Crucible Essay

Submitted By ktate01
Words: 726
Pages: 3

Kenneth Tate
Mrs. Jackson
Lit Comp 3
The Destructive Force of Fear and Hysteria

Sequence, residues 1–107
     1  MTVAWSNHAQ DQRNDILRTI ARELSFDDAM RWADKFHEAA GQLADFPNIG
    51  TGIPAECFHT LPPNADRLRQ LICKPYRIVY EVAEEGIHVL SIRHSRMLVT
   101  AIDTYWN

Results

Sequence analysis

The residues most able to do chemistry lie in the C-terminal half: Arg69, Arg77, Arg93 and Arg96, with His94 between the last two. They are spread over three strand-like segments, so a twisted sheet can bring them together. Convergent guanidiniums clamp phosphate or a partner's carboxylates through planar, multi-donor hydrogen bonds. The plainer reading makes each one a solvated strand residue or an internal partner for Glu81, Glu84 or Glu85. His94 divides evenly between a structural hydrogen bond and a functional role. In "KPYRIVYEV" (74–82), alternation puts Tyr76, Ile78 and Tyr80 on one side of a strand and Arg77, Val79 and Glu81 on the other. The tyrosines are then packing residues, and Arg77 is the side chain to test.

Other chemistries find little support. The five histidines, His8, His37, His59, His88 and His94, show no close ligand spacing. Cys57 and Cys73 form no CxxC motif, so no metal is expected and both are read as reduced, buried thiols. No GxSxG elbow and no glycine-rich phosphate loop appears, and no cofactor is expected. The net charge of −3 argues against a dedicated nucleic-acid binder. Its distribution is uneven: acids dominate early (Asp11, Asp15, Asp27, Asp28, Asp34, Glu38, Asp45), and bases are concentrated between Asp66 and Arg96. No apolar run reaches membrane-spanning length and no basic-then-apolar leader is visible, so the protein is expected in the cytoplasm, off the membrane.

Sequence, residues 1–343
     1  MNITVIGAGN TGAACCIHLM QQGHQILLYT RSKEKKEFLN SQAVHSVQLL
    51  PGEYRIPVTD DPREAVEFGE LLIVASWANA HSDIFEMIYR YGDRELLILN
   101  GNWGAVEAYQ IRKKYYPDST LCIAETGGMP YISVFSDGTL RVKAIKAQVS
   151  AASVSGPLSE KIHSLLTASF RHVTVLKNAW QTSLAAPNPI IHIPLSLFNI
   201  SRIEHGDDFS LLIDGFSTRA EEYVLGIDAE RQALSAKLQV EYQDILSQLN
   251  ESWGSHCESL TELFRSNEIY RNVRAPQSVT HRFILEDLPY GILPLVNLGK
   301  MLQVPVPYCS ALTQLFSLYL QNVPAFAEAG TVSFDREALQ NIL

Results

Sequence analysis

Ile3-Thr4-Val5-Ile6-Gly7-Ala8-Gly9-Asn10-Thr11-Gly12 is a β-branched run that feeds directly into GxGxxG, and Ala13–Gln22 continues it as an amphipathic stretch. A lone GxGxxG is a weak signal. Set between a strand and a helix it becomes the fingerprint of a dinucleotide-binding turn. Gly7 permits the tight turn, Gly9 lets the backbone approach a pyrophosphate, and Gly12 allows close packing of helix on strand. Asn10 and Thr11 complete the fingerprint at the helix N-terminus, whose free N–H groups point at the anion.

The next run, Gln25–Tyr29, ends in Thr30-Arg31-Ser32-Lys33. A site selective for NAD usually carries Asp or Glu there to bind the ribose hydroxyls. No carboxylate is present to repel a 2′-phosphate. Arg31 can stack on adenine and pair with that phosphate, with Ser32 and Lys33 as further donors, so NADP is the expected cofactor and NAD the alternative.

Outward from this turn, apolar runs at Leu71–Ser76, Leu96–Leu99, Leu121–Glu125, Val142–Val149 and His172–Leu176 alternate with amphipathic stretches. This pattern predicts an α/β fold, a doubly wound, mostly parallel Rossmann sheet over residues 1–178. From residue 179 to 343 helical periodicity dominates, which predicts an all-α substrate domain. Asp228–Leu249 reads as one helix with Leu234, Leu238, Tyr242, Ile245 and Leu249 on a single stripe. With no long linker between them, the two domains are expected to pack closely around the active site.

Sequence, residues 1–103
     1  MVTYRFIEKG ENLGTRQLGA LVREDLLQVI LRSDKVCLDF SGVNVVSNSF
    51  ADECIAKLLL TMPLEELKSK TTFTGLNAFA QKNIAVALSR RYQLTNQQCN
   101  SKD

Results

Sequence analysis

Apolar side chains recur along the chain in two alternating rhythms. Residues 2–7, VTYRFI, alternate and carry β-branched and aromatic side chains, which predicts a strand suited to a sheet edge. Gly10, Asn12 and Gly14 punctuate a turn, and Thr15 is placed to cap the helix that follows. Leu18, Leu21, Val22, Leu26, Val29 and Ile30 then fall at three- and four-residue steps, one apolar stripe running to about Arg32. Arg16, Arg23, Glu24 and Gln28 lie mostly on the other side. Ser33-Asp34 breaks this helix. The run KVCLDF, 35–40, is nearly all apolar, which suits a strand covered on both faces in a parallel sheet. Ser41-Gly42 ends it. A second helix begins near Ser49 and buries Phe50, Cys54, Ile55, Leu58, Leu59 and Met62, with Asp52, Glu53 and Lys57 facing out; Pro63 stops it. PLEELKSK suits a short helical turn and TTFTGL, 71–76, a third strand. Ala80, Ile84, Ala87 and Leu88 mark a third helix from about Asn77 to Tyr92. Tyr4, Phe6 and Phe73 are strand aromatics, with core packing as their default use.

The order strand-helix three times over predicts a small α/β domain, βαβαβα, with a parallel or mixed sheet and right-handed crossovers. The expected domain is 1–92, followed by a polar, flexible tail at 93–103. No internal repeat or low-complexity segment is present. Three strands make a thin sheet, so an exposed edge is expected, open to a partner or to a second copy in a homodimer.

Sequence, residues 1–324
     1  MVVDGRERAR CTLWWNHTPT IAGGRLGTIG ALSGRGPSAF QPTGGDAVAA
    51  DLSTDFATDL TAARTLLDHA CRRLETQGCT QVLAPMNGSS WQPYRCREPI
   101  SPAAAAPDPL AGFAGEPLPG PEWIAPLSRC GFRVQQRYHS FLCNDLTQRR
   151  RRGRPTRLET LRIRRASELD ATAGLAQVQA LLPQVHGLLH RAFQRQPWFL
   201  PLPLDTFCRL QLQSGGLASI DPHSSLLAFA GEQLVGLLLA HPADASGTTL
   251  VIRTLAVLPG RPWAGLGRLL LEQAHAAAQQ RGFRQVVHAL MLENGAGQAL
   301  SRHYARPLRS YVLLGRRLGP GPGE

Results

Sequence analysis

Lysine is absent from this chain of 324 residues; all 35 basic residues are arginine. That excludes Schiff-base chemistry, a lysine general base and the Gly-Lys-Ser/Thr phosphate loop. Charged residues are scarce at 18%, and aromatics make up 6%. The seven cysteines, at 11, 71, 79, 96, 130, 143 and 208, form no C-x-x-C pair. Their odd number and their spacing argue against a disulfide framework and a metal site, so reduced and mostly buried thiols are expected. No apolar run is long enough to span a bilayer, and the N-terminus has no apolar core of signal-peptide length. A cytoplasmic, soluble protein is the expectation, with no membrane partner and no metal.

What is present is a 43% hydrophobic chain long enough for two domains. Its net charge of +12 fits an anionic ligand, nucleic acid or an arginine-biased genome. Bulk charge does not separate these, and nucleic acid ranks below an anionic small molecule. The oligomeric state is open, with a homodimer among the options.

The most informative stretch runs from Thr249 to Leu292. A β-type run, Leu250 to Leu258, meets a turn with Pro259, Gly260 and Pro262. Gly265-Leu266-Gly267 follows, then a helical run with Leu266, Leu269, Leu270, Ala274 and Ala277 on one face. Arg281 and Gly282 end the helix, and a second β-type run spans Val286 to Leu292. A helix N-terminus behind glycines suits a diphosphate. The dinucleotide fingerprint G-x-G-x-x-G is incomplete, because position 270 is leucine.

Throughout the story of “The Crucible”, people were driven to do things out of fear of the unknown; and with fear, followed mass hysteria in the year of 1692. The Protestants saw America as a religious refuge, and established a set of laws and regulations according to the beliefs they had when they got to America. One of the big problems they were confronted with was the “presence” of witches, and the overall idea of witchcraft. Subjects concerning these matters were handled seriously and acutely. But when things seemed to get out of hand, the hysteria of the problem ended up tearing the community of Salem apart, and ripping the lives of innocents away from their loved ones. Because the community of Salem was so clustered, sin and the status of an individual’s soul are matters of public concern. Everyone knew everyone personally for the most part, so for a person to be accused of witchcraft was a big deal; a person’s reputation could be shattered with such an accusation. People were falsely accused all the time, but some people were so blinded by their religion, and so scared, that they became oblivious to logic. This is shown in Act II as Elizabeth brands Abigail as the “ringleader” of all this hysteria, "folks are brought before them, and if they scream and howl and fall to the floor--the person's clapped in the jail for bewitchin' them." The people of Salem reached out to one another in hopes of some type of unity. As Danforth says in Act III, “a person is either with this court or he must be counted against it.” But these words did nothing but enrage the falsely accused and segregate society further. Hysteria enables people to believe that their neighbors, whom they have always considered upstanding people, are communing with the devil. And the “evidence” they would use against the condemned, was nothing concrete. They failed to see between the lines, because they were fearful: scared that they didn’t have control over the increasing witch accusations, scared that they weren’t sure who they could trust, and scared of losing their sanity. People get caught up in the crowd and behave in ways they wouldn't normally. When Mary couldn’t faint in Act III when she's alone, she describes the hysteria as: "I heard the other girls screaming, and you, Your Honor, you seemed to believe them, and I--It were only sport in the beginning, sir, but then the whole world cried spirits, spirits, and I --I promise you, Mr. Danforth I only thought I saw them but I did not." People were especially terrified of their reputation and name being tarnished. A lot of characters would react certain ways in